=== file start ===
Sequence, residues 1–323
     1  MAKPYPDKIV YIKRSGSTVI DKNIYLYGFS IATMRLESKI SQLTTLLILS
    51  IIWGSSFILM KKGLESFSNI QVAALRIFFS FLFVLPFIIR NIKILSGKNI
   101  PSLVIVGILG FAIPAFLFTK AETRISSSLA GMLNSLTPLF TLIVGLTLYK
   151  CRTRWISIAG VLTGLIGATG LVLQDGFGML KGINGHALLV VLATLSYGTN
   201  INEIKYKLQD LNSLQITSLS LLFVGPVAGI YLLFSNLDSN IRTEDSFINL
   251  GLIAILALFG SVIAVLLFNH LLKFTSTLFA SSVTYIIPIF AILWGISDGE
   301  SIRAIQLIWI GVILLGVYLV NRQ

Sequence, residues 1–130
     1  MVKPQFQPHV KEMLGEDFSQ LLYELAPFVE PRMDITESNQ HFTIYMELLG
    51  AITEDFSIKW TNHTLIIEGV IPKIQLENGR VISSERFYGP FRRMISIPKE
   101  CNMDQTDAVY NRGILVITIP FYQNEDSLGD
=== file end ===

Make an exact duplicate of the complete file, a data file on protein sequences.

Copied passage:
Sequence, residues 1–323
     1  MAKPYPDKIV YIKRSGSTVI DKNIYLYGFS IATMRLESKI SQLTTLLILS
    51  IIWGSSFILM KKGLESFSNI QVAALRIFFS FLFVLPFIIR NIKILSGKNI
   101  PSLVIVGILG FAIPAFLFTK AETRISSSLA GMLNSLTPLF TLIVGLTLYK
   151  CRTRWISIAG VLTGLIGATG LVLQDGFGML KGINGHALLV VLATLSYGTN
   201  INEIKYKLQD LNSLQITSLS LLFVGPVAGI YLLFSNLDSN IRTEDSFINL
   251  GLIAILALFG SVIAVLLFNH LLKFTSTLFA SSVTYIIPIF AILWGISDGE
   301  SIRAIQLIWI GVILLGVYLV NRQ

Sequence, residues 1–130
     1  MVKPQFQPHV KEMLGEDFSQ LLYELAPFVE PRMDITESNQ HFTIYMELLG
    51  AITEDFSIKW TNHTLIIEGV IPKIQLENGR VISSERFYGP FRRMISIPKE
   101  CNMDQTDAVY NRGILVITIP FYQNEDSLGD